Google and MIT launch a free generative AI course for teachers

The Google Generative AI Educators course teaches educators how to use generative AI to save time, enhance lessons, and more.
Written by Sabrina Ortiz, Editor
Classroom with technology illustration
Getty Images/Alena Butusava

When considering generative AI in the classroom, many people think of its potential for students; however, teachers can benefit just as much from the technology, if not more. On Thursday, Google and MIT Responsible AI for Social Empowerment and Education (RAISE) unveiled a free Google Generative AI Educators course to help middle and high school teachers use generative AI tools to enhance their workflow and students' classroom experience.

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The self-paced, two-hour course instructs teachers how to use generative AI to save time in everyday tasks such as writing emails, modifying content for different reading levels, building creative assessments, structuring activities to students' interests, and more, according to the press release. Teachers can even learn how to use generative AI to help with one of the most time-consuming tasks--lesson planning--by inputting their existing lesson plan into the generative AI models to get ideas on what to do next in the classroom.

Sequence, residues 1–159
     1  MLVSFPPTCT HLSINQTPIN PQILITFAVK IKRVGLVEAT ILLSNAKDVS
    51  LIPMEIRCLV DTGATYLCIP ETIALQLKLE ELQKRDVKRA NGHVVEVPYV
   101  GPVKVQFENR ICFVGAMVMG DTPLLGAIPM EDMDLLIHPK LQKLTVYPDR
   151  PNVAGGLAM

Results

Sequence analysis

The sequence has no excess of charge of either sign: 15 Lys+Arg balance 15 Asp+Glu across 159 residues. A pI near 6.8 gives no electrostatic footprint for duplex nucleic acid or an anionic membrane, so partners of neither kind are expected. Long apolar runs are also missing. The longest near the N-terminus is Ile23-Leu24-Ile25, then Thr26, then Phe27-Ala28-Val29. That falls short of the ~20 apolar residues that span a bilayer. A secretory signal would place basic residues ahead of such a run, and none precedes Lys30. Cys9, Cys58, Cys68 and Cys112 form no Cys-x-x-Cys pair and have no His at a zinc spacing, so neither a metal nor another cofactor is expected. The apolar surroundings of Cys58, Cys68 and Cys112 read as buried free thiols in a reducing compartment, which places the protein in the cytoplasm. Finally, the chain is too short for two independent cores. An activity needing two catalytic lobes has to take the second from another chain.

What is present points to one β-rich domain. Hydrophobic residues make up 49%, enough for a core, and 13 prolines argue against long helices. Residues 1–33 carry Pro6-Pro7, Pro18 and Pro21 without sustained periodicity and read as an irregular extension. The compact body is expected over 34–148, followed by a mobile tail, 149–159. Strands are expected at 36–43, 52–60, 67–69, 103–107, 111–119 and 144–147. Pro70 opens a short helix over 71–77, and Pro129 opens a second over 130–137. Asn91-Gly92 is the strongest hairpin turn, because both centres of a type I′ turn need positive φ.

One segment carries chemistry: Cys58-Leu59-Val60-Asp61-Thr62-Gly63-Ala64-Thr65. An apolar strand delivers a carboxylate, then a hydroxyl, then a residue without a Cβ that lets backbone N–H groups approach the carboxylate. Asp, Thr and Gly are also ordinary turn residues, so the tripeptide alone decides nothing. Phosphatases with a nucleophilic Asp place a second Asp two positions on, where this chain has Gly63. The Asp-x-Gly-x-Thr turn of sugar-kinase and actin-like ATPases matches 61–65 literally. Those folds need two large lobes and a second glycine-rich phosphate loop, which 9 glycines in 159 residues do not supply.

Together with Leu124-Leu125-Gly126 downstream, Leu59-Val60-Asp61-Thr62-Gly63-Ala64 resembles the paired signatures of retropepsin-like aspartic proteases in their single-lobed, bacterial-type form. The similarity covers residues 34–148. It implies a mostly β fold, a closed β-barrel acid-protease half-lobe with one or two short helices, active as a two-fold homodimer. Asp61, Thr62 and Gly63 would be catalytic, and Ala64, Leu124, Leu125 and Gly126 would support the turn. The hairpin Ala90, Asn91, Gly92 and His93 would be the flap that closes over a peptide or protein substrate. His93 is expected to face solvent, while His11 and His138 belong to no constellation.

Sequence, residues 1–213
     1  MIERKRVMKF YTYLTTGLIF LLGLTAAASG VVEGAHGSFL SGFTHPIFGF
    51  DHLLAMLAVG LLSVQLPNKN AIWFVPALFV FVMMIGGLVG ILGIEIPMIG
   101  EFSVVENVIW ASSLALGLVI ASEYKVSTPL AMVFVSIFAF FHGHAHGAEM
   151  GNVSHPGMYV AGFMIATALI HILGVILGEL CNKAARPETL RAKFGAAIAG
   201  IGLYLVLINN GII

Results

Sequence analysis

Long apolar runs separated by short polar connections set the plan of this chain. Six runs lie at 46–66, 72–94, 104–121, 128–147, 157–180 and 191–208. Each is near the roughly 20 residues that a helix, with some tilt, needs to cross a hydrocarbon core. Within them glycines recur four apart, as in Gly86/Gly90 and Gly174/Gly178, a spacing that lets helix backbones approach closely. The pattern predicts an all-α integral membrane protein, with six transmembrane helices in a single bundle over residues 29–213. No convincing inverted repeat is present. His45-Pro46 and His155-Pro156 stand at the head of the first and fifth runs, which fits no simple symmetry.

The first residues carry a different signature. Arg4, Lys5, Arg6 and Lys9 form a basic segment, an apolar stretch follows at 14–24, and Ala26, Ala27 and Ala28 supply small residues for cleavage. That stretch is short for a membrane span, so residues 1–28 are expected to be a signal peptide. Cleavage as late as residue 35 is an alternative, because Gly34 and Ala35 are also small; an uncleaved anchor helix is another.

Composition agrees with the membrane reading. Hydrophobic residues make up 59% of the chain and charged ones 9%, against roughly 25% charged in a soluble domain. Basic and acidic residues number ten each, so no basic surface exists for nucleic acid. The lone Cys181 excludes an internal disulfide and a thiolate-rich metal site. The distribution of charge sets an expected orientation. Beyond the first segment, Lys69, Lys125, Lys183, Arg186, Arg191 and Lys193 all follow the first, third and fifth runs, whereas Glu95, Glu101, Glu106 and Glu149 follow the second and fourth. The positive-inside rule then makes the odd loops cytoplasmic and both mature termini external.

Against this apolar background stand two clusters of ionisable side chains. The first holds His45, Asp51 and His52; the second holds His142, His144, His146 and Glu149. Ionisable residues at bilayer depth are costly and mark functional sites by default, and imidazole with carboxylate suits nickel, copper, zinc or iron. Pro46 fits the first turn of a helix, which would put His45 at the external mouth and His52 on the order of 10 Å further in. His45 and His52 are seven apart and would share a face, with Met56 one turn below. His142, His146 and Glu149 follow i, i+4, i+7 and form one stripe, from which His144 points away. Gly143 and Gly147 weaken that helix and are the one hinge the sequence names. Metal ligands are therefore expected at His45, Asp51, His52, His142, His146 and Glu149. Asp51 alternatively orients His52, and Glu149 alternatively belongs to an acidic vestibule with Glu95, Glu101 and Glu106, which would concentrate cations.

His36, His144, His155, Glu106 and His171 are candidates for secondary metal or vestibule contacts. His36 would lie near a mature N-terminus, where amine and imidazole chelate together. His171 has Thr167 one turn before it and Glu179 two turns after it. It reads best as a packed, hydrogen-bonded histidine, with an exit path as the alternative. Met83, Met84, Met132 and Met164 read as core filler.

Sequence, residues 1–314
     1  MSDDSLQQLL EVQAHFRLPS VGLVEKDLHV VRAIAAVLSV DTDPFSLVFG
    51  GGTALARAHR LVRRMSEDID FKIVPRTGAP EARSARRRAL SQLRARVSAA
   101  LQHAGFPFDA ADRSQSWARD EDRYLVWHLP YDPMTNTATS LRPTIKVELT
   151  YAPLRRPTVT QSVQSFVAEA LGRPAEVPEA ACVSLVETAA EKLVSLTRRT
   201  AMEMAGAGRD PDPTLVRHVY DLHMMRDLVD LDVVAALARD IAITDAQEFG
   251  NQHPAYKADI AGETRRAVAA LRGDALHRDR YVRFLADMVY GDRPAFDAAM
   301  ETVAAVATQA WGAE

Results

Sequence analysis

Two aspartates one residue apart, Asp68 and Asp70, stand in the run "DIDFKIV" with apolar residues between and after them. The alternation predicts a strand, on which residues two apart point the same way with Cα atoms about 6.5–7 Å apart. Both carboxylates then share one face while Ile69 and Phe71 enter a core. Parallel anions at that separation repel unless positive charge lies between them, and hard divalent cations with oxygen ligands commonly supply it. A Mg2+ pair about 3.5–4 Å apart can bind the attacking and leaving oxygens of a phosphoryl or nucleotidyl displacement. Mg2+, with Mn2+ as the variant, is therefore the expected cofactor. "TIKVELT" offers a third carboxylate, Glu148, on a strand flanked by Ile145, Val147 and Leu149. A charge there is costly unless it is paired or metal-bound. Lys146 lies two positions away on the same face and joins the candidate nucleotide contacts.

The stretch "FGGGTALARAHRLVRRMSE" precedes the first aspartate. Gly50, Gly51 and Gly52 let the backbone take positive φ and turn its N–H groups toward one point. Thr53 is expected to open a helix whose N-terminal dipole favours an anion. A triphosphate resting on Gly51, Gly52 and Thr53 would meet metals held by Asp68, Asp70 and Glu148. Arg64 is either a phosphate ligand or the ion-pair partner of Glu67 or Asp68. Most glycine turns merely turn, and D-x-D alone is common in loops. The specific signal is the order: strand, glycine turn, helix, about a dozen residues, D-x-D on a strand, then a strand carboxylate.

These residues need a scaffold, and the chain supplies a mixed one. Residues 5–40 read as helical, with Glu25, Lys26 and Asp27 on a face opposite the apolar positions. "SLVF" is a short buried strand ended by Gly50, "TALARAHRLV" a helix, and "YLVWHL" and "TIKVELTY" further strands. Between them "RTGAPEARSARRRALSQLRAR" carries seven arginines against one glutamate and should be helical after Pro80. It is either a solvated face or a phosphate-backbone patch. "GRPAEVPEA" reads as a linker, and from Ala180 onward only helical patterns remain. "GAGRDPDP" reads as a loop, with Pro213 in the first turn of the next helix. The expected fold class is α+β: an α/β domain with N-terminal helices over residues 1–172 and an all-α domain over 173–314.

"This course empowers educators to confidently integrate AI into their teaching, creating richer and more accessible learning experiences for all students," MIT RAISE Director Cynthia Breazeal said.   

The course consists of five 40-minute-or-less modules, accessible by teachers and administrators on the Generative AI for Educators webpage.

Some school districts across the country plan to offer the course as well, including California's Anaheim Union High School District, Florida's Miami-Dade County Public Schools, Illinois' Chicago Public Schools, New Mexico's Albuquerque Public Schools, Oklahoma's Glenpool Public Schools, and Wisconsin's Sun Prairie Area School District, according to the press release. 

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"In a rapidly evolving world, our teachers cannot afford to fall behind in accessing powerful generative tools that will help them develop new approaches to teaching and learning," Michael Matsuda, the superintendent at Anaheim Union High School District, said.

OpenAI, the startup behind ChatGPT, once highlighted the benefits of giving educators generative AI tools and shared use cases in which teachers across the country are already using the technology. OpenAI's examples included using a chatbot to role-play conversations meant for students, building classroom materials, providing English language assistance for non-English speakers, and teaching students about critical thinking.

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